2017 will see the 25th anniversary of Paul Dacre becoming editor of the Daily Mail. No journalist in recent history has had such longevity – his mentor Sir David English, who is credited with creating the modern Daily Mail was only editor for 21 years; his nemesis Alan Rusbridger was editor of The Guardian for 20 before retiring in 2015. No journalist in the modern era has had such a wide ranging influence on the media – both the tone of commentary (often dressed as news) and nature of how it is delivered, MailOnline is the most visited English language newspaper website in the world. And no journalist divides opinion – and when I say divide, it’s fair to say that a few people respect him, many fear him and a great deal hate him.
Not that the “king of Fleet Street” will mind that much. Hate and fear have been two of the main driving forces behind the editorial stance of the Daily Mail under Dacre. It is a cliché to say that the publication has thrived by pandering to the prejudices of middle England but analysis of what is written will uncover at least one of the following in almost every edition:
- Something you eat or drink will be detrimental to your health – usually causing cancer, but Alzheimer’s, early menopause, heart disease are all also on the menu. Occasionally there is something that make you live longer – but that’s more Daily Express territory;
- Something someone does – usually the Government, a loony Left council or a union – will have a serious impact on your income, lifestyle and/or house price;
- A much loved celebrity – and by celebrity I’m drawing the circle widely because someone who appeared on The Archers in the 1970s might count – has a deep and dirty secret to do with an affair, family row or tragedy.
Often the paper launches a campaign against a person, group of people or institution because it disagrees with then. The most famous recent case being the “Enemies of the People” attack on the judges who ruled that Parliament needed to vote on Brexit. The Mail was widely mocked for describing Master of the Rolls, Sir Terence Etherton, as an “openly gay” former Olympic fencer! A friend of mine was the target of the Mail’s ire recently, and she can testify that it was a terrifying experience.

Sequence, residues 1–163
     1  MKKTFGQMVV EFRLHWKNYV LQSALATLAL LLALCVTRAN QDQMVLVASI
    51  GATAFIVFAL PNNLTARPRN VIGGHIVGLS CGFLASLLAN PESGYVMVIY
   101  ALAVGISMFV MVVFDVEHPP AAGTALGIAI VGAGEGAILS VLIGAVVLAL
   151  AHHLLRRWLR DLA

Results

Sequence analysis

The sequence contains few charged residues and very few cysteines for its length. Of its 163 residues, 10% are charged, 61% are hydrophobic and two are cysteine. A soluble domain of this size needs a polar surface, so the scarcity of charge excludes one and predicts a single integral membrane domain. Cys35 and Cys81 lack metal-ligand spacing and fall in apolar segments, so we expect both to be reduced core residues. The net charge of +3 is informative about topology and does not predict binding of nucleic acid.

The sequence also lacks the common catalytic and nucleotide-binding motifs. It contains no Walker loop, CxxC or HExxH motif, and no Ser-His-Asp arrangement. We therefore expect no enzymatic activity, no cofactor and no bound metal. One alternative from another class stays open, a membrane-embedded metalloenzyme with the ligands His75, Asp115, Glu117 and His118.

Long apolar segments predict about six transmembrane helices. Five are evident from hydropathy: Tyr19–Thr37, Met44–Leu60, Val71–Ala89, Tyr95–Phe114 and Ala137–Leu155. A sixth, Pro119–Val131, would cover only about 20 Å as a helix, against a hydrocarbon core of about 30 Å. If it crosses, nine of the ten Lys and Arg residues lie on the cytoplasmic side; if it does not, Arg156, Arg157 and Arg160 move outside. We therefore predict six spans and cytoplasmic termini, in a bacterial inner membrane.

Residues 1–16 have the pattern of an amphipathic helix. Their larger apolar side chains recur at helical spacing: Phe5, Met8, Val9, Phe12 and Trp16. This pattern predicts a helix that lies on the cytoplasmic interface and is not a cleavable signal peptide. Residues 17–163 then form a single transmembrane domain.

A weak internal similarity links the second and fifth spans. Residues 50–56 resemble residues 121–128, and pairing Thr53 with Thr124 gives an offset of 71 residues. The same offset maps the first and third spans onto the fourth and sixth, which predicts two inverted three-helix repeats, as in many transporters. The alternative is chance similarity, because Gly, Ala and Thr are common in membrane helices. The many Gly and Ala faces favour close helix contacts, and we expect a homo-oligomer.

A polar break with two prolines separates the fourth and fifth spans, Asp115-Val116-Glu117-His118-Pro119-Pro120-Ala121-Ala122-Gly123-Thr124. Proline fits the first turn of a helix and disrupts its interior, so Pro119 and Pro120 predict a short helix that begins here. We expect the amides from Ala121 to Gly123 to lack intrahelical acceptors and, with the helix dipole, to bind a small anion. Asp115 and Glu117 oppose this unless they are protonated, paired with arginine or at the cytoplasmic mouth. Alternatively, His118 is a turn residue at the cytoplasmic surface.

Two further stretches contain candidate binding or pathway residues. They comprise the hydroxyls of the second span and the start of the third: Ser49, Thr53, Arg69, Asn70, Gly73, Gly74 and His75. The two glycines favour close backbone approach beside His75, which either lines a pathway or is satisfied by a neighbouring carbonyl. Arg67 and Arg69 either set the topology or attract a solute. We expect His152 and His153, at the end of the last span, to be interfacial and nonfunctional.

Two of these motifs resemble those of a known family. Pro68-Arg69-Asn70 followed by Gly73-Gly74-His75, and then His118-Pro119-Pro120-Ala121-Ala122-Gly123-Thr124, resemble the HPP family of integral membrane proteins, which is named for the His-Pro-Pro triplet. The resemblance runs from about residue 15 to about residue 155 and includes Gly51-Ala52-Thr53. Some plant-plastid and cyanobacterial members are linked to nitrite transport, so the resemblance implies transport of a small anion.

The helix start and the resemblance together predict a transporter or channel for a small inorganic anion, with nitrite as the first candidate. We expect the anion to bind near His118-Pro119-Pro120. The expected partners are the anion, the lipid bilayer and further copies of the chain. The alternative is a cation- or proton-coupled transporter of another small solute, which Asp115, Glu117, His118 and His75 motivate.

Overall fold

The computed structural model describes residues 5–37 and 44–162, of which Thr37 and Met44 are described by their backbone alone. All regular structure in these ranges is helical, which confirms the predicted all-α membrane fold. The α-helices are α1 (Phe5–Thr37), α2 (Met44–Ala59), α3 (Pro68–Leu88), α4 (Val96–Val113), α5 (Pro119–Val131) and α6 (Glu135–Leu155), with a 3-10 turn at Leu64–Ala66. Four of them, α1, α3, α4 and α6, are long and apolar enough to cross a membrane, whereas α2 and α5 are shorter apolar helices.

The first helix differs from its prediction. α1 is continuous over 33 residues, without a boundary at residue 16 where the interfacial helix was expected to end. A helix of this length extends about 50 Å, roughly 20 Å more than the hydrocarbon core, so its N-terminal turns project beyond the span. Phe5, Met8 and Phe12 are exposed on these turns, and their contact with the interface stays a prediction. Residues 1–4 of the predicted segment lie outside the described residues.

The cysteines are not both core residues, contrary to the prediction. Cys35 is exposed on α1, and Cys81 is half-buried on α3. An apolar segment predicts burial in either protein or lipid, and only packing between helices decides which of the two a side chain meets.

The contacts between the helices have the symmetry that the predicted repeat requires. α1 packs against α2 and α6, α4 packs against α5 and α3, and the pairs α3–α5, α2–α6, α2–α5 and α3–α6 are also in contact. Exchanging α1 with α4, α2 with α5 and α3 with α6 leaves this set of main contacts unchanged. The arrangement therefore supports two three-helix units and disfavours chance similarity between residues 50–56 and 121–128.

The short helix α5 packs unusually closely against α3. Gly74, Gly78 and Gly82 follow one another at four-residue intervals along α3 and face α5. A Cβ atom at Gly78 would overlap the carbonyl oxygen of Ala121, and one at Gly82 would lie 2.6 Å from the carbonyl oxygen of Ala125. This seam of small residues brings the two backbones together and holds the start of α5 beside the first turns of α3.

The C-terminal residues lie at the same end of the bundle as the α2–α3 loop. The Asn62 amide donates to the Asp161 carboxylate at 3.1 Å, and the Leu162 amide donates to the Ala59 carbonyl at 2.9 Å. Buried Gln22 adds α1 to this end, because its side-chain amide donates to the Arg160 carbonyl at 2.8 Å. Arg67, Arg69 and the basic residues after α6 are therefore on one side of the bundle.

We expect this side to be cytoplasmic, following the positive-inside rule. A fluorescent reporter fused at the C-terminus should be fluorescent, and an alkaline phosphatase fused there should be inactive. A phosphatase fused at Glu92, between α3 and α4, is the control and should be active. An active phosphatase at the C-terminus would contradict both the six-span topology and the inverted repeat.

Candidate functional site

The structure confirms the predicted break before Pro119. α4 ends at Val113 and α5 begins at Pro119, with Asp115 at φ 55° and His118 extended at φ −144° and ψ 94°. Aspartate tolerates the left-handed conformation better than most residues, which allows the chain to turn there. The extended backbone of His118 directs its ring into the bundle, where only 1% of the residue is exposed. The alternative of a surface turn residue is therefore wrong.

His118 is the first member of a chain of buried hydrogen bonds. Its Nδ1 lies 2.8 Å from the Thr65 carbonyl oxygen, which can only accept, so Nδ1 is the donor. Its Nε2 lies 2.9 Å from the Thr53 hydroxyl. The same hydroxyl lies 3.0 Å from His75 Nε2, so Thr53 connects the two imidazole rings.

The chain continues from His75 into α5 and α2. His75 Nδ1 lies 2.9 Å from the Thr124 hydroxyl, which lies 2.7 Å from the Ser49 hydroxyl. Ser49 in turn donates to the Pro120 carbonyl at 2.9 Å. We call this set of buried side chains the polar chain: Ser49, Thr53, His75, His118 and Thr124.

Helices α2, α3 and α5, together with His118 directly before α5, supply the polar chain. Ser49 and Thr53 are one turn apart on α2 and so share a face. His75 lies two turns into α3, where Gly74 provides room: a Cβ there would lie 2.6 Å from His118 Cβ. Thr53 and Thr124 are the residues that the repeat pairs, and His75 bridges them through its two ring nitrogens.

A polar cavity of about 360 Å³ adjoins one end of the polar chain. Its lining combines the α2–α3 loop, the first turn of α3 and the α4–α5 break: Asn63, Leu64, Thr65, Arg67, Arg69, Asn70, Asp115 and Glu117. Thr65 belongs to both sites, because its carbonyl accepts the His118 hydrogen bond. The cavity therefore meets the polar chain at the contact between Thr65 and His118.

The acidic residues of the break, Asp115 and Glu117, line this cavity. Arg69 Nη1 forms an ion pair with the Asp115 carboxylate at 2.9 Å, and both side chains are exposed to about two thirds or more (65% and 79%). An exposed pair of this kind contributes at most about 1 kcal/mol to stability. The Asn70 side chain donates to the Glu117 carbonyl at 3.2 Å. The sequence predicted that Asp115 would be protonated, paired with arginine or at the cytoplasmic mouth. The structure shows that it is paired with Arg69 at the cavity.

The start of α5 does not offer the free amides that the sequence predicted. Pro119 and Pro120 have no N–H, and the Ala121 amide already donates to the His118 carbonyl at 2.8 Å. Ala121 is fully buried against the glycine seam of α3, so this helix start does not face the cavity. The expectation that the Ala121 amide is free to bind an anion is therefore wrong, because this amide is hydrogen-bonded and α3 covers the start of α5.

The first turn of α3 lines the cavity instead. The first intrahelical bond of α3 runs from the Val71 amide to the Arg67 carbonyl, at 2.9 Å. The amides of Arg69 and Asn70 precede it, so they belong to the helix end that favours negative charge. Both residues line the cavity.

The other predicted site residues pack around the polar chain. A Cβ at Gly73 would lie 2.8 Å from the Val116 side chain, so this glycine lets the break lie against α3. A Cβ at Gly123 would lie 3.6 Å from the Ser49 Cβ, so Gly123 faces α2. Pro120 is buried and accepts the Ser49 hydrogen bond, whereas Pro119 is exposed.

The influence of Dacre’s Daily Mail on British politics is hard to overestimate. The Sun might claim to swing elections, but no publication has the same consistent record of steering public policy, and its championing of Brexit is a clear case in point. You could argue that Paul Dacre, more than Boris Johnson, more than Nigel Farage, tipped the vote to leave.
Many people have tried to predict the sunset of the Dacre era. However, 2017 might be the year. Dacre will be 69, though that’s young compared to, say, Donald Trump or Rupert Murdoch. Changes at the top last year, which saw veteran deputy editor Jon Steafel replaced by Gerald Greaves, who moved over from the Mail on Sunday, were interpreted in one of two ways:
- Dacre cementing his power base to continue for many more years;
- The way being cleared for Geordie Greig, the Mail on Sunday editor who is known to be close to the paper’s “proprietor” Lord Rothermere, to take over as editor.
Which of those interpretations is right is hard to tell, as charge moves slowly at a paper which hasn’t had a redesign since the 1970s. What may change matters is economics. Sales of the Daily Mail fell nearly 5% between 2015 and 2016 – in line with most of its competitors. While MailOnline continues to grow the group has been struggling to “monetise” its success. Print advertising fell 23% in the most recent financial year.
While it is assumed that Lord Rothermere decides the future of the Daily Mail and General Trust, the owner of the Daily Mail, it is actually a public company, albeit one where the Rothermere’s family control the voting shares. Faced with pressure on profits, DMGT’s chief executive Paul Zwillenberg was recently quoted as saying: “There are no sacred cows. We are, have been, and continue to be an active portfolio manager. If someone values our business significantly greater than we value it ourselves, we will listen.”
When talking of sacred cows, it was assumed that Zwillenberg was talking about the Daily Mail. But could that term be applied to Paul Dacre. Could he, would he, should he be out to pasture?